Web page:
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John Calvin puts forward a very simple reason why love is the greatest gift: “Because faith and hope are our own: love is diffused among others.” In other words, faith and hope benefit the possessor, but love always benefits another. In John 13:34–35 Jesus says, “A new command I give you: Love one another. As I have loved you, so you must love one another. By this everyone will know that you are my disciples, if you love one another.” Love always requires an “other” as an object; love cannot remain within itself, and that is part of what makes love the greatest gift.
William

How Does a Christian Converse with a Buddhist?

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by Ravi Zacharias

 

Attraction to Eastern spirituality, and particularly Buddhism, is powerful because the human spirit craves spiritual answers. Thus, whenever a Christian converses with someone of another faith, including Buddhism, he must attempt to reveal the hungers of the human heart and how Christ alone addresses them.

 

Gautama Buddha taught that we should free ourselves from illusions of selfhood, God, forgiveness, and individual life hereafter. We should focus on a life wherein good deeds outweigh the bad. Buddha believed that all life is suffering and that to escape from rebirth we must understand our nature. If we extinguish hungers and detach ourselves from desires (namely, relationships), we will then offset all impure acts and thoughts. That is the Buddhist’s hope.

 

But Buddhism’s attraction provides no real answers. The self-- which is undeniable and inescapable-- is lost in Buddhist philosophy, which brushes away the hungers of the soul. Everything is in our care. All losses are ours. There is no “other” to whom we can go, not even a self to whom we can speak. Yet Buddhism’s denial of a personal God is unable to prevent its practitioners seeking to relate to and worship a personal being. There is a universal hunger that drives the self to a transcendent personal other of one’s making.

 

Buddha considered one’s present life to be payment for previous lives. Each rebirth is due to karmic indebtedness, but without the carryover of the person. In contrast, Christianity sees the individual self as distinctive and indivisible. God’s love is personal. Jesus brought God’s offer for true forgiveness and eternal life while affirming each individual as uniquely created in God’s image. For Jesus, suffering is only symptomatic of the life unhinged from right relationship with God. We have broken away from God, from our fellow human beings, and even from ourselves.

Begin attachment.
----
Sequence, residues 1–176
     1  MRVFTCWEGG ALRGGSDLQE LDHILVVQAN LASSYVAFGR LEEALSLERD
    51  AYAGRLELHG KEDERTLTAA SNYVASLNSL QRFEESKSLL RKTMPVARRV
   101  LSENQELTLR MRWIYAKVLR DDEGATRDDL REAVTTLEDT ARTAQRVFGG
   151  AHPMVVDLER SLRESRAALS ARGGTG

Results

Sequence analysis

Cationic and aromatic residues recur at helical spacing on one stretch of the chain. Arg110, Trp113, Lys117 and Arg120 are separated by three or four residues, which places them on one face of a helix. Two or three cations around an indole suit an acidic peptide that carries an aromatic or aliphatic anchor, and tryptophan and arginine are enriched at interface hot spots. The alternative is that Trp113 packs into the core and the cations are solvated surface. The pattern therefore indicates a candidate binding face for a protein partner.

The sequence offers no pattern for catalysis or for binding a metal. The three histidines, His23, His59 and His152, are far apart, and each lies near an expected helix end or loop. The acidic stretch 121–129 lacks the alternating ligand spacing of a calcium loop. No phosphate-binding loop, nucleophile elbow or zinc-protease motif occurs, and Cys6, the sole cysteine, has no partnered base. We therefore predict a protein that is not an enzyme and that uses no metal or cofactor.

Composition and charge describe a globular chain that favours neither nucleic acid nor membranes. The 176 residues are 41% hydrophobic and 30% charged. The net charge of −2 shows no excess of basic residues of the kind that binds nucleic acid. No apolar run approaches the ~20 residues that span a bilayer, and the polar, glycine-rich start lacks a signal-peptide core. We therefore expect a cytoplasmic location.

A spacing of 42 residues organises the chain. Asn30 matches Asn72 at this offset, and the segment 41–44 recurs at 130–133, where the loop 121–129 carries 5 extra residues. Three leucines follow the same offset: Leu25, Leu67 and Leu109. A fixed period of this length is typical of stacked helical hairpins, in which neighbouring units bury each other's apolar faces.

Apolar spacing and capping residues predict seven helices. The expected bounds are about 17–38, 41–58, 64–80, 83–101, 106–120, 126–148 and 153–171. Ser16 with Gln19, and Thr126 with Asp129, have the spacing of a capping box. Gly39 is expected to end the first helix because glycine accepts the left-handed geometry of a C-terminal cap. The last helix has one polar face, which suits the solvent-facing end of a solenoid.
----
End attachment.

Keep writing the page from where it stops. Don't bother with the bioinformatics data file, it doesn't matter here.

In contrast to karma-- where “sin” is nothing more than ignorance or illusion-- Christ’s forgiveness can provide true appeal for the Buddhist. The gospel proclaims that we have come apart from within, and to this brokenness Jesus brings the real answer. In finding true relationship with God, all other relationships are given moral worth. God, who is distinct and distant came close so that we who are sinful and weak may be forgiven and made strong in communion with God Himself with out losing our identity. That simple act of communion encapsulates life’s purpose. The individual retains his or her individuality while dwelling in community.

 

Moreover, Christ does not prescribe extinguishing one’s self-- which is not possible-- but rather prescribes no longer living for oneself. Hungering after righteousness is good and brings God’s fulfillment. Everyone who has surrendered all at the feet of Jesus can confess with the Apostle Paul, “ I know whom I have believed and am persuaded that He is able to guard what has been entrusted to me until that day” (2 Tm 1:12). Jesus Christ guards all our purposes, loves, attachments, and affections when we entrust them to Him.

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On 2/17/2015 at 3:54 PM, William said:

 

Gautama Buddha taught that we should free ourselves from illusions of selfhood, God, forgiveness, and individual life hereafter. We should focus on a life wherein good deeds outweigh the bad. Buddha believed that all life is suffering and that to escape from rebirth we must understand our nature. If we extinguish hungers and detach ourselves from desires (namely, relationships), we will then offset all impure acts and thoughts. That is the Buddhist’s hope.

 

 I would ask the following based on the above:

 1. If we are to free ourselves from illusions of selfhood and instead "focus on a life wherein good deeds outweigh the bad", isn't focusing on that kind of life an intrinsic part of our selfhood?

 2. What constitutes good and bad deeds? Why can't they also be looked upon as an illusion? - the same would apply to "impure acts and thoughts."

 3. Why try to always escape from suffering when suffering has often (in my case anyway) improved on who I am?

 

 

 

 

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At one point I looked seriously into Buddhism.  Two things about it bothered me deeply:  reincarnation (if there's no self what reincarnates, if you don't remember your past lives isn't for all purposes an innocent person being judged, how can your lose everything inherent to you and yet it be enough of "you" to say "you" reincarnated, etc.), and the lack of God.  The lack of self is a real problem and I was always told it would only be answered in my personal experience of meditation.  As far as God goes, a lot of the arguments atheists use are used by Buddhists, even though Buddhists believe in deities or spirits of a sort.  They aren't completely anti-supernatural; but you can be completely anti-supernatural and be a Buddhist and be fine. 

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